How I Biked to Every LDS Temple in Utah

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Dalin Earls sported his orange shirt across Utah as a way of bringing along his brother, who is serving as an LDS missionary in Hong Kong. The Payson Temple was one of 17 Dalin saw during his 15-day, 1,174-mile journey to visit every LDS temple in the state.

Dalin Earls sported his orange shirt across Utah as a way of bringing along his brother, who is serving as an LDS missionary in Hong Kong. The Payson Temple was one of 17 Dalin saw during his 15-day, 1,174-mile journey to visit every LDS temple in the state.

Dalin Earls is not a cyclist. He simply wanted to see every LDS Temple in Utah. To add in an element of adventure — and to understand how a physical feat builds spiritual strength — he used a bicycle as his mode of transportation. Fifteen days, 17 temples and 1,174 miles later, he completed his Utah Pedal Pilgrimage.


I’ve lived in Utah since 2010. Before I moved here I didn’t realize there were so many temples in the state. I thought there was one in Salt Lake and I assumed there would be one in Provo. When I learned how many temples are here, I thought it would be cool to see all of them.

I took a history class and the professor talked about pilgrimages. You put yourself through a physical thing to strengthen yourself spiritually. So I got the crazy idea of biking to all the LDS Temples in Utah and called it the Utah Pedal Pilgrimage.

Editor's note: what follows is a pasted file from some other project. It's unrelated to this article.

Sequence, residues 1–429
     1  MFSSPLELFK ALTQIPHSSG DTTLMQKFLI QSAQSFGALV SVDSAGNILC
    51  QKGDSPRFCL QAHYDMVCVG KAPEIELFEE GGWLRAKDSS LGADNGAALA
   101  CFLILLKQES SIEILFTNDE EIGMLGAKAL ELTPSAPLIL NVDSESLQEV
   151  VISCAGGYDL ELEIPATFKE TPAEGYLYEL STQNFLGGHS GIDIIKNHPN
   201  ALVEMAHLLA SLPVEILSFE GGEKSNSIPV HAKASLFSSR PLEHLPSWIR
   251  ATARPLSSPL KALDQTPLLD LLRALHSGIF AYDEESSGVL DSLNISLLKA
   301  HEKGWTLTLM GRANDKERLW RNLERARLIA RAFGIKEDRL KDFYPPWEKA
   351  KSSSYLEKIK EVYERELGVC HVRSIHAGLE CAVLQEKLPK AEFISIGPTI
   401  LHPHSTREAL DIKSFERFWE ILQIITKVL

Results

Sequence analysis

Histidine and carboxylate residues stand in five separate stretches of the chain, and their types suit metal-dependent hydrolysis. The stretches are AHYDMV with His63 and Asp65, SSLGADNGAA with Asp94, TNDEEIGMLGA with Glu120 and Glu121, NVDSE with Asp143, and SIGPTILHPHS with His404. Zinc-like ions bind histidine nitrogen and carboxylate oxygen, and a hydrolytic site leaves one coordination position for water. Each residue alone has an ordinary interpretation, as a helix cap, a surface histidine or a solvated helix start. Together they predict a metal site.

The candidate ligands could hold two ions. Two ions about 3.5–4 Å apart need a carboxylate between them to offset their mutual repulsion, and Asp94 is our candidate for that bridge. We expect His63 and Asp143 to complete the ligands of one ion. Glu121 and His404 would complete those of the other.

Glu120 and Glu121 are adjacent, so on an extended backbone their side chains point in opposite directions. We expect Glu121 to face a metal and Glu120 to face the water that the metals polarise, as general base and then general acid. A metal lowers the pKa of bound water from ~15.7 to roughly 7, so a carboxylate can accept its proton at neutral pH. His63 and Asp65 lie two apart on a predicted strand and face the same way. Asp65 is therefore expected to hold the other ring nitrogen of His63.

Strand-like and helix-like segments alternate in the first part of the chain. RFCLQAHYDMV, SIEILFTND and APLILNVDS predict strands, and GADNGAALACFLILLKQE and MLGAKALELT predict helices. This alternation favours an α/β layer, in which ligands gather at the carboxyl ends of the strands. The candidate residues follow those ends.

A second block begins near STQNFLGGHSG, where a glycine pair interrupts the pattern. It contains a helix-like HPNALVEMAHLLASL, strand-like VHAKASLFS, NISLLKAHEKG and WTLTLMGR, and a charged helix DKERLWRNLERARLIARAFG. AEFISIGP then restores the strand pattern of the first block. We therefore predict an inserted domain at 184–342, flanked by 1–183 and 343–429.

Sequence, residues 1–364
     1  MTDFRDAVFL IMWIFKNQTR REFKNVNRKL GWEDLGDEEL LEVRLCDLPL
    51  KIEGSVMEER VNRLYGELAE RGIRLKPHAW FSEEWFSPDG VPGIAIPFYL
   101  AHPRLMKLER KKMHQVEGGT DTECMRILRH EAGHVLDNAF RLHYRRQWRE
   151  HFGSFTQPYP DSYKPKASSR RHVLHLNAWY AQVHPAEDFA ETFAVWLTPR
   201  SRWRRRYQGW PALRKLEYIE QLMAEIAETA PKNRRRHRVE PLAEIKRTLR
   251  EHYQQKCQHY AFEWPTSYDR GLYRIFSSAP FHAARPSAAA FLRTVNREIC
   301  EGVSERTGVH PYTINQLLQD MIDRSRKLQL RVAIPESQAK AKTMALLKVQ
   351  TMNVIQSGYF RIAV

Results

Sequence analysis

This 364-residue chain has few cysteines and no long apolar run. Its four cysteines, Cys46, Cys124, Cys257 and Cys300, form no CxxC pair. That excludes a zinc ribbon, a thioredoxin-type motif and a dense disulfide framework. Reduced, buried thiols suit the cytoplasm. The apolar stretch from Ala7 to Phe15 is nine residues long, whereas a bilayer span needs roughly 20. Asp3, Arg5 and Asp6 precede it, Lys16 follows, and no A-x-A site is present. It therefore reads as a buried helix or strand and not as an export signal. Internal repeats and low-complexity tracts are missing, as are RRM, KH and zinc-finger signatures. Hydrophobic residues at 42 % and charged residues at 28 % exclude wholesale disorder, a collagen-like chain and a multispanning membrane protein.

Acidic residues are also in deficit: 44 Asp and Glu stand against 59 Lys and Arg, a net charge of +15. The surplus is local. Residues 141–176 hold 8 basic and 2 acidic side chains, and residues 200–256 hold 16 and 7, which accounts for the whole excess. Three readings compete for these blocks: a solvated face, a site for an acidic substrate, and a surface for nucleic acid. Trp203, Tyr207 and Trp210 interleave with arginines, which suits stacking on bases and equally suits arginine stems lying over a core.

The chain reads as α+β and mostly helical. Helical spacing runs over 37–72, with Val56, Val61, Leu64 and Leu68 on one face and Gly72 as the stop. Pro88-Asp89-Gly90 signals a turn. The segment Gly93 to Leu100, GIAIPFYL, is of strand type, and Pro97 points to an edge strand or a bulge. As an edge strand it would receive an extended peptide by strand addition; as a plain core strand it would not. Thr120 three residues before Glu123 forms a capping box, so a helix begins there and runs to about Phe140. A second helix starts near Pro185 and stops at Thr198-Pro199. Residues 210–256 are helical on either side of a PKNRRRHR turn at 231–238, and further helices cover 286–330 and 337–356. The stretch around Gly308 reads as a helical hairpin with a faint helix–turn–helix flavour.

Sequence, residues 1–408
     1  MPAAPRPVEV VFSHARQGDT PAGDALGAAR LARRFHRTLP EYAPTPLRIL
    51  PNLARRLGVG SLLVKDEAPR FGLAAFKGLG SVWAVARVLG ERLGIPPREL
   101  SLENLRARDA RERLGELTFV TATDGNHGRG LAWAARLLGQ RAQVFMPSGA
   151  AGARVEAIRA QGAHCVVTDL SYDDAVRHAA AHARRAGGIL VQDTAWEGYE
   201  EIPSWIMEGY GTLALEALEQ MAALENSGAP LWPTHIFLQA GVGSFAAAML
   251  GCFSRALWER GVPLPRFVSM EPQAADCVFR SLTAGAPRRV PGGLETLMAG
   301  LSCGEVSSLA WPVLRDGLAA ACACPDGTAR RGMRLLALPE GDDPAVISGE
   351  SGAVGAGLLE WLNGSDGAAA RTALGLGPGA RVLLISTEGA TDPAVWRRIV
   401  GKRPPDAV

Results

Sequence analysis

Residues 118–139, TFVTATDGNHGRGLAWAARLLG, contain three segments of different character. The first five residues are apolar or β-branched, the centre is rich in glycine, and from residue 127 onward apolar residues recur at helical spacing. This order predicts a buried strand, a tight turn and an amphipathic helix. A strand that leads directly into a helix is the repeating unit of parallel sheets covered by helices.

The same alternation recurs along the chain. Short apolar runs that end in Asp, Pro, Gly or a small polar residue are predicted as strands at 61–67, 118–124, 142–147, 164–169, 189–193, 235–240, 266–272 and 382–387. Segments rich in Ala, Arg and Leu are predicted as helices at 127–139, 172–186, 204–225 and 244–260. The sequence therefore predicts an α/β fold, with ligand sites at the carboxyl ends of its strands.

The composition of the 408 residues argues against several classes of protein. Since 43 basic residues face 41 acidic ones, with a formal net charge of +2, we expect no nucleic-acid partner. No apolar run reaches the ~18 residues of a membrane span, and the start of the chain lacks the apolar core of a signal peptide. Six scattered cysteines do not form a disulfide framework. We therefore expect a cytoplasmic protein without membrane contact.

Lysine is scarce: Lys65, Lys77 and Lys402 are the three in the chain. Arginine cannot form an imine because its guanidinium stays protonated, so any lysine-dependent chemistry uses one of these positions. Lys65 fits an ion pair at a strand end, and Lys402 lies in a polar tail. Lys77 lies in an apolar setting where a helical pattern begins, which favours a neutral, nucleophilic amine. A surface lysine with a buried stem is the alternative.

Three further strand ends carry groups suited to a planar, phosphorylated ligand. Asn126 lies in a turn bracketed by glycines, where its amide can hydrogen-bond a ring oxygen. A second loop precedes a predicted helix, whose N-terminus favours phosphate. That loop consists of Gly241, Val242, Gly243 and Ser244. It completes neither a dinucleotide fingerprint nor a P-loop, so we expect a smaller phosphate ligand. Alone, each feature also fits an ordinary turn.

I’m not a cyclist, although some people say I now qualify. When I moved out here I didn’t have a car so I would bike to work and school. As a missionary I biked. Biking was just how I got around.

Temple biker scheduleDuring my Utah Pedal Pilgrimage, my mom was my support vehicle, my pit crew and my catering service. In the book “Into the Wild,” there is a quote that says, “Happiness is only real when shared.” Going on this trip with someone was cool but going on this trip with my mom made it even cooler. I haven’t lived at home for six years now, so it was an opportunity for us to rebuild our mother-son relationship.

I started at the Idaho border just north of the Logan Temple on July 13, 2016, and ended at the Arizona border just south of the St. George Temple on July 28.

I prayed about a lot of things along the way — about the man I am, the man I want to be. At the St. George Temple, there was this overwhelming feeling that God was hearing me and that he accepted the sacrifice of my ridiculous bike trip. I’m far from perfect, but it was comforting to feel I was doing alright.

I had decided I was going to go border-to-border on my trip. After going to the St. George Temple, it was eight miles to the Arizona border. It was the hottest, nastiest uphill climb. The quote “It’s all downhill from here,” does not apply to the state of Utah.

We got to the Arizona border and I wanted to sit there and say a prayer, but the ground was too hot. So I squatted in the tiny shade of the “Welcome to Arizona” sign and said a prayer. Then I went back to Provo and back to normal life.

When people hear about my story, I hope they find it in themselves to go for whatever big, crazy, intimidating idea they just can’t get rid of. That’s what this was for me.

We have more power than we realize to create life-changing events.


This is one of five stories in Utah Valley Magazine’s “How I Did It” section in the September/October issue of the magazine. 

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Utah Valley is Lindsey's home away from her Colorado Springs home. She writes for Utah Valley Magazine, UtahValley360.com and Prosper Magazine. Follow her on Twitter: @lindsey5brooke.

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